This spring Patti Douglas loaded the necessities, a digital archive of family photos, an inherited antique bowl and her 14-year-old cat into her new travel trailer and hit the road.
She sold her home near Markham, Ont., just outside of Toronto, bought a new Ford F-150, and gave away most of her furniture and household goods. Widowed three years ago, now 62 and retired, Ms. Douglas will become one of a growing number of Canadian retirees making their home on the open road.
“I started going to RV shows just for something to do and got hooked on the idea,” she says.
She planned to work a few more years as a college professor but that became challenging. Real estate prices in her area spiked and she made her decision.
“In a matter of weeks I renovated, staged and sold my house, bought a trailer, and ordered a truck,” she says.
Her new adventure is called full-timing, trading “sticks-and-bricks” homes for living year-round in a recreational vehicle, whether a motorhome or travel trailer.
The Canadian Camping and RV Council says there are at least 50,000 full-time Canadian RVers who normally spend winters in the U.S. More than two million Canadian households own an RV and overall the industry was worth $6.1-billion to the Canadian economy in 2017, including vehicle sales, expenditures and travel, according to the Canadian Recreational Vehicle Association.
The growing popularity of full-timing is evident in long-term campers at many parks and campgrounds, says Roland Van Meurs, manager of member and travel services for the Alberta Motor Association.
“They’re there for four or five months at a time and when you walk by their sites they have little gardens, they have a whole setup like home,” he says.
RV living has its benefits, Mr. Van Meurs says. Home is where you go and RVs today can be quite luxurious. New, these vehicles cost anywhere from $100,000 to $300,000, with “tip-outs” to expand the space when parked, solar power, full bathroom amenities, a washer and dryer, and even a fireplace.
It’s not for everyone, however, and Mr. Van Meurs recommends that anyone considering RV living take the time to rent various RV models to test-drive their interest.
“It really gives you an idea whether it’s a lifestyle you’re going to like and it also gives you an idea of how much space you need,” he says. “If you’re going to spend the amount you potentially can on an RV or motorhome or trailer, you want to make sure you’re going to like it.”
Mr. Van Meurs also recommends RVers plan well in advance, particularly for summer and particularly this year, with many normal travel plans disrupted by the pandemic.
His main advice for full-timers is to check and double-check all of your insurance: vehicle, RV, trailer contents, health. Even interprovincial travel might require additional out-of-province coverage, depending on your province.
And keep up-to-date on travel advisories, especially now, to ensure you are abiding by advisories and not invalidating your coverage.
“Make sure you have the right coverage,” Mr. Van Meurs says.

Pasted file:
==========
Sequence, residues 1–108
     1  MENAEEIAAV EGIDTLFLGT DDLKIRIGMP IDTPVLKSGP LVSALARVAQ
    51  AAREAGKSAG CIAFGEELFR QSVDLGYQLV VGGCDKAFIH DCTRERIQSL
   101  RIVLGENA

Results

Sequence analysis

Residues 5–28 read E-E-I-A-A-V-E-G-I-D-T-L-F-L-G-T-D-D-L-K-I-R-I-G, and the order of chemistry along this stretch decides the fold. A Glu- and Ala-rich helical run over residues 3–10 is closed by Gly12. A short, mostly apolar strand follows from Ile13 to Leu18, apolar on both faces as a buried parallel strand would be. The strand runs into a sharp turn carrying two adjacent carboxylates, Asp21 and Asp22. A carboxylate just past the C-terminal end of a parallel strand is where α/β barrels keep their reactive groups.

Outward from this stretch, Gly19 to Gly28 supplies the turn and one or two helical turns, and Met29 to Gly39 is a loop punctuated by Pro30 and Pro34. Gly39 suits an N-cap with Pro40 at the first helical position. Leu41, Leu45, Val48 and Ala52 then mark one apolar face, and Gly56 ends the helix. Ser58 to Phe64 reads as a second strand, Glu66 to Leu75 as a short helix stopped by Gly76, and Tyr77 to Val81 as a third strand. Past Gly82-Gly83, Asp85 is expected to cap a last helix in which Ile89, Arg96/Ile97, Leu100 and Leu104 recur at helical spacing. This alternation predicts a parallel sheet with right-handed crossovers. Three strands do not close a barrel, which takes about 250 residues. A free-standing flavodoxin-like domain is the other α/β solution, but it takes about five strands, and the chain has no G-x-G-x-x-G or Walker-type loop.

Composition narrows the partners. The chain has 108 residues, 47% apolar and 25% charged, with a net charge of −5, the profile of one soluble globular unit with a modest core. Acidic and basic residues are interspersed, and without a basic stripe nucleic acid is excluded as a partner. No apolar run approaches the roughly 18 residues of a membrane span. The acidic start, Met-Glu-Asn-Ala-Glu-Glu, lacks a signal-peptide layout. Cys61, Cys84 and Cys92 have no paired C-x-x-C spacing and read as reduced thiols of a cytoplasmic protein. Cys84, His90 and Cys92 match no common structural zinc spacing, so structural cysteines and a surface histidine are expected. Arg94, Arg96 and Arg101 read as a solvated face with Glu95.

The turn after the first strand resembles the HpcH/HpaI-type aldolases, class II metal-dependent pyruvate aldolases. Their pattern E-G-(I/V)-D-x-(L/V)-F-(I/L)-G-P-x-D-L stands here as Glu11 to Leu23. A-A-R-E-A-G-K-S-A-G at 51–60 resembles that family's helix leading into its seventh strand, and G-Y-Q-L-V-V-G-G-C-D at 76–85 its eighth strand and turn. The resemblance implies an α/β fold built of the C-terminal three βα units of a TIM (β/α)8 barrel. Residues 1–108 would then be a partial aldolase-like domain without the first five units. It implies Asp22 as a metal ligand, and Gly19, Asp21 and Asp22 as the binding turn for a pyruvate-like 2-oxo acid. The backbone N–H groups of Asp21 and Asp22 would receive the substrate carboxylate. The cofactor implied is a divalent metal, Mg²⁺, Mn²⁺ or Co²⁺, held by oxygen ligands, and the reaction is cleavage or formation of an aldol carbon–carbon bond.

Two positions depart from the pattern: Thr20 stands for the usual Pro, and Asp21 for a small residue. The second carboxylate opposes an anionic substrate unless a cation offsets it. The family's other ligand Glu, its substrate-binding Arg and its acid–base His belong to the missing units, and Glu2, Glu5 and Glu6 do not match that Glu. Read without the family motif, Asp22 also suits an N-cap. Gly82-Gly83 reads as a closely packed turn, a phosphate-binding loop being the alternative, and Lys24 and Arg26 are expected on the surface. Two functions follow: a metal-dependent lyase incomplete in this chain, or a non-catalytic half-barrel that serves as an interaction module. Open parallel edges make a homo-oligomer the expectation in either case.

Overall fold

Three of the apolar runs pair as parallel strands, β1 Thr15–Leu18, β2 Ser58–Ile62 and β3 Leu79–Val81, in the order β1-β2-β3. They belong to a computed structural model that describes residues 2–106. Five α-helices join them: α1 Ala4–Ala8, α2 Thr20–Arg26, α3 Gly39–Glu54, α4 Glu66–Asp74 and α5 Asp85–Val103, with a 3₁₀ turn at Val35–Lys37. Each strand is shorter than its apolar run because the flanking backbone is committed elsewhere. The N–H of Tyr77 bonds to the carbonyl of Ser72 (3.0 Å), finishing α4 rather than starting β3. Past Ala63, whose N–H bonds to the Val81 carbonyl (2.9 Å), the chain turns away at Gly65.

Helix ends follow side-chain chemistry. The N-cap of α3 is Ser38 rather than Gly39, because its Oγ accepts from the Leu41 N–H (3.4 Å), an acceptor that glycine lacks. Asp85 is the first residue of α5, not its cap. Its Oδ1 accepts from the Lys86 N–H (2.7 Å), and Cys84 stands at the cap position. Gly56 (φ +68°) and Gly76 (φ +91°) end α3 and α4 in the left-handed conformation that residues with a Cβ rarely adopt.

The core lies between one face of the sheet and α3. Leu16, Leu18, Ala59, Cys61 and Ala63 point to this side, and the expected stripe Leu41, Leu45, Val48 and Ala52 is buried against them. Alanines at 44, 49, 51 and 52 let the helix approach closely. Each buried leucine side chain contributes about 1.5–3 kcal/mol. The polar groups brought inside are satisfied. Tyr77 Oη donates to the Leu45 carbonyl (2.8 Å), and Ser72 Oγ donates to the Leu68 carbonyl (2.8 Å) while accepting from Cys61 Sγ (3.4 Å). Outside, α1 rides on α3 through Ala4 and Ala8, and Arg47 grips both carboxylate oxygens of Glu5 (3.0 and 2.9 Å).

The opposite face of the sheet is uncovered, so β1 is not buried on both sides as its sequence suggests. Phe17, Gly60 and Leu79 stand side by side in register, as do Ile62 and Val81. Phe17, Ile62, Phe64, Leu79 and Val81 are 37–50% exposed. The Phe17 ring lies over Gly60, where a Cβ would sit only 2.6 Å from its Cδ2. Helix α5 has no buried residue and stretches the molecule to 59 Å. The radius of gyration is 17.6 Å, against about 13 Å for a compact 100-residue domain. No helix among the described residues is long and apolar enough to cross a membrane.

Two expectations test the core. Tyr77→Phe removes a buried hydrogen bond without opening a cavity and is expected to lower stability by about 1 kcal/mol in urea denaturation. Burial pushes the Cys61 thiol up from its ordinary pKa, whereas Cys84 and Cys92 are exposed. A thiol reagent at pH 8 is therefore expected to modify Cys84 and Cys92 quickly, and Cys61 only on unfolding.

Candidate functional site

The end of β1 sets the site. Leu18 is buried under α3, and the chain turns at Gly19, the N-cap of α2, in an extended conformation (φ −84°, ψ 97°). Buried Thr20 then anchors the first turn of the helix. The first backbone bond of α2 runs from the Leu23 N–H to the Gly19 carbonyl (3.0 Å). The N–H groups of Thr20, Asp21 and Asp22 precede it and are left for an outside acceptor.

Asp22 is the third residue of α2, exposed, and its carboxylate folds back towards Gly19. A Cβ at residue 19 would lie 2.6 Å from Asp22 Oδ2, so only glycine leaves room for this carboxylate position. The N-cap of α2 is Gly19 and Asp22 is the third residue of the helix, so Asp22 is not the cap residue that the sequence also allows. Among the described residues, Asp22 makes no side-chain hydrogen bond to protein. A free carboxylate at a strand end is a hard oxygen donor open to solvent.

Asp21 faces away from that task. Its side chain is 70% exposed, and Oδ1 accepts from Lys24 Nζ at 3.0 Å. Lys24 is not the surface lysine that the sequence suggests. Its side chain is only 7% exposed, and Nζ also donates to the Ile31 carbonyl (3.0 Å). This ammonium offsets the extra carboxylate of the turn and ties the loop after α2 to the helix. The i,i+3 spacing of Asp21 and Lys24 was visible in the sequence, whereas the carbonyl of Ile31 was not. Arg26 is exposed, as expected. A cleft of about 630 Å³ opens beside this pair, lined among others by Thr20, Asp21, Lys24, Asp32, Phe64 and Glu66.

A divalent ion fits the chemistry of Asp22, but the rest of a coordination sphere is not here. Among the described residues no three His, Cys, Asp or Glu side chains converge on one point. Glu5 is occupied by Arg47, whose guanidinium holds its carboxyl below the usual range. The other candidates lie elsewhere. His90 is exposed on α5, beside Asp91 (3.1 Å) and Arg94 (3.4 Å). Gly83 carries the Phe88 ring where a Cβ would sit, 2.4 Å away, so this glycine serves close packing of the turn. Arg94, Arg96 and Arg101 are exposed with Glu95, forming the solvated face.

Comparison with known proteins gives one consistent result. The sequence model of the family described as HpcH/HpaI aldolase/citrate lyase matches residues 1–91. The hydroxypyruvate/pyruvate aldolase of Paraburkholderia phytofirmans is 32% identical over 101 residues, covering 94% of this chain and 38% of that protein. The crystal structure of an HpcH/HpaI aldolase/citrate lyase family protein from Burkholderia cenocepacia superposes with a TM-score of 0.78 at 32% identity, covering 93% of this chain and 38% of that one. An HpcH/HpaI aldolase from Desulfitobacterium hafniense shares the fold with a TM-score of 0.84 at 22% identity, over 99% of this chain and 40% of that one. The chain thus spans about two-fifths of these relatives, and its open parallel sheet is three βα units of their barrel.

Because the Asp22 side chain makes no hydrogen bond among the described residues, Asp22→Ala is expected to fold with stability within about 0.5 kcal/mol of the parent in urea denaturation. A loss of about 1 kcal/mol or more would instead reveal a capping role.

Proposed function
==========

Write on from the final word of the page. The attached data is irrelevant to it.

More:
Ron Haidenger, a full-time RVer with his wife Linda, and administrator of the RV Mentor website, says Canadians also need to be aware that they can spend a maximum of 182 days a year in the U.S.
Some provinces also require residency for a certain number of months of the year to qualify for provincial medicare coverage, he says.
The Haidengers retired in mid-2014; he was an independent tech consultant and she worked in the banking industry. They spent up to 10 months of the year on the road for a couple of years before deciding to sell their home and go full-time.
“We come back to Vancouver for Christmas to visit the grandkids. We’ve put on about 65,000 miles going from West Coast to East Coast, down the Eastern Seaboard, back across the U.S. and so forth,” says Mr. Haidenger, who designed an RV logbook app he makes available for free so travellers can track their favourite campsites, points of interest, fuel usage and maintenance costs.
A couple of years ago, the couple bought a condo in Surrey, a fortunate purchase as Ms. Haidenger was diagnosed with cancer and had to undergo treatment. She has recovered and they plan to leave again soon.
“As soon as they say we can travel again we’re out of here,” Mr. Haidenger says.
They have a 43-foot diesel motorhome with a four-wheel-drive Jeep they tow behind, “for exploring.”
“We use our motorhome as a base camp. We go some place, park for a week or two to explore the area, then we pull up the anchor and move onto another place.”
The Haidengers love their retirement adventures. Ms. Douglas is undecided.
She moved from a 2,200-square-foot home into a 24-foot travel trailer. COVID travel restrictions pose a challenge so she will tour Ontario with hopes to head to the West Coast for winter.
“I have no idea if I’m going to love this or hate it. Hopefully I’m going to love it and off I’ll go and it will be the dream that I’m envisioning,” she says.
Tips for full-timers:
- Check your insurance and make sure you’re covered for long-term occupation of the vehicle. Not all plans cover full-time living.
- Ensure you are covered for the contents of your RV and not just the vehicle itself.
- Get a full mechanical inspection before setting off and get roadside coverage. RV breakdowns can be costly and some insurance policies require proof of mechanical inspection annually.
- Purchase health coverage for travel outside of Canada but also for interprovincial travel. Most provincial medicare plans cover out-of-province care but they may reimburse for medical transport rather than pay directly.
- Make sure you have COVID coverage. Some policies also have clauses on pre-existing conditions. Discuss with your insurance provider.
- Check government travel advisories and cross-check with your insurance coverage to ensure your policy is valid under current travel advisories.